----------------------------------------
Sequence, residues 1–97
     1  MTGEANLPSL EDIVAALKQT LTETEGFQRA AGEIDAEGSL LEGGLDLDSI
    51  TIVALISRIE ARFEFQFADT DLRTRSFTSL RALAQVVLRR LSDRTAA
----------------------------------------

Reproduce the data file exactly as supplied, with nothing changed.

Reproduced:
Sequence, residues 1–97
     1  MTGEANLPSL EDIVAALKQT LTETEGFQRA AGEIDAEGSL LEGGLDLDSI
    51  TIVALISRIE ARFEFQFADT DLRTRSFTSL RALAQVVLRR LSDRTAA